6.042J / 18.062J Mathematics for Computer Science (SMA by Nagpal, Radhika; Meyer, Albert R

By Nagpal, Radhika; Meyer, Albert R

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Example text

2. In every graph, there are an even number of vertices of odd degree. Proof. Partitioning the vertices into those of even degree and those of odd degree, we know � � � d(v) = d(v) + d(v) v∈V d(v) is odd d(v) is even The value of the lefthand side of this equation is even, and the second summand on the righthand side is even since it is entirely a sum of even values. So the first summand on the righthand side must also be even. But since it is entirely a sum of odd values, it must must contain an even number of terms.

A partition of a set A is a collection of subsets {A1 , . . , Ak } such that any two of them are disjoint (for any i �= j, Ai ∩ Aj = ∅) and such that their union is A. Let R be an equivalence relation on the set A. For an element a ∈ A, let [a] denote the set {b ∈ A given a ∼R b}. We call this set the equivalence class of a under R. We call a a representative of [a]. 3. The sets [a] for a ∈ A constitute a partition of A. That is, for every a, b ∈ A, either [a] = [b] or [a] ∩ [b] = ∅. Proof. Consider some arbitrary a, b ∈ A.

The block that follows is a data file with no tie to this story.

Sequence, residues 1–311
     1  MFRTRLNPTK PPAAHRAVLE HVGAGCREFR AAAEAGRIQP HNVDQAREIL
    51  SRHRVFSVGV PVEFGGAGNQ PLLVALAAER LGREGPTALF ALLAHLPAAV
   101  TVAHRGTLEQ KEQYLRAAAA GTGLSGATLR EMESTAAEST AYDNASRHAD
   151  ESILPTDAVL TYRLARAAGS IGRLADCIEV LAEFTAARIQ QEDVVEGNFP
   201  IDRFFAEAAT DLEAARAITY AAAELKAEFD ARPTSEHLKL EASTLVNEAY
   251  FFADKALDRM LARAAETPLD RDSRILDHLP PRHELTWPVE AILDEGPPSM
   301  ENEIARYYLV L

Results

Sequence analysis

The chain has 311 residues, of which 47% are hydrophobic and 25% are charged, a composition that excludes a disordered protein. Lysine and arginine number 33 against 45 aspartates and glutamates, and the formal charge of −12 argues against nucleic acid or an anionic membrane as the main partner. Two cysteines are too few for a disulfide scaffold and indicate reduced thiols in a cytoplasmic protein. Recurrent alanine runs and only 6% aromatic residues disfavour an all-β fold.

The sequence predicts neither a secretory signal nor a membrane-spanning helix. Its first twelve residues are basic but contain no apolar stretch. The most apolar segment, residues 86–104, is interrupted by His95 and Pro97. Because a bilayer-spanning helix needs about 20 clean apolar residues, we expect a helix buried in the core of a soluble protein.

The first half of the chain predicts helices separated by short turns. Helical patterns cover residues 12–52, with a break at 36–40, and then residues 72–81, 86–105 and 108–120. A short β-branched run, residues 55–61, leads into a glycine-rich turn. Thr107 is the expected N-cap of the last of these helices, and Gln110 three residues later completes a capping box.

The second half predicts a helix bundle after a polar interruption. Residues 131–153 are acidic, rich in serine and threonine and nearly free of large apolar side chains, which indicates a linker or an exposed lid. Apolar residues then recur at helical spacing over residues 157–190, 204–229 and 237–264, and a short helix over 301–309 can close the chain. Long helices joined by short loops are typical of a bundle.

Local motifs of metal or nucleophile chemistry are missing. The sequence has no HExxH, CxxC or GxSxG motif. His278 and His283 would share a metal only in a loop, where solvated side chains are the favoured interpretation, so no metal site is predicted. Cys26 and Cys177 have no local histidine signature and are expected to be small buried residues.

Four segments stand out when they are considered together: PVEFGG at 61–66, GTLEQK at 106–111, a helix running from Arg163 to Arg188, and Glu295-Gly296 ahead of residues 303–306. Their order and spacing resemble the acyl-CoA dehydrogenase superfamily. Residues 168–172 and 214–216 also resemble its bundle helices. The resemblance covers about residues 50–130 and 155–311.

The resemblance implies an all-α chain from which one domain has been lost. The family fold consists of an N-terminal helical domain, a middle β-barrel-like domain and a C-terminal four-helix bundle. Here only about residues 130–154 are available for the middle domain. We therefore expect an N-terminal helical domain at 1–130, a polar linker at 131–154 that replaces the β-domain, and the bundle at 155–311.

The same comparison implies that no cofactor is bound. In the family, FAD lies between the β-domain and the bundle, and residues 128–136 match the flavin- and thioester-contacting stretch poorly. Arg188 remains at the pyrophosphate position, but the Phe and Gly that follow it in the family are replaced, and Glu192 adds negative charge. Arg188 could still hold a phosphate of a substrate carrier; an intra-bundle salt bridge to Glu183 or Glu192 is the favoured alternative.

So (a − c) = (a − b) + (b − c) = (k1 + k2 )m. Therefore m | (a − c). The equivalence class of a is the set [a] = {b ∈ Z | a ≡ b (mod m)}, or {km + a | k ∈ Z}. It turns out that we can extend a lot of standard arithmetic to work modulo m. In fact, we can define notions of sum and product for the equivalence classes mod m. For example, we define [a] + [b], given two equivalence classes mod m, to be the equivalence class [a + b]. This is not as obvious as it seems: notice that the result is given in terms of a and b, two selected representatives from the equivalence classes, but that it is supposed to apply to the equivalence classes themselves.

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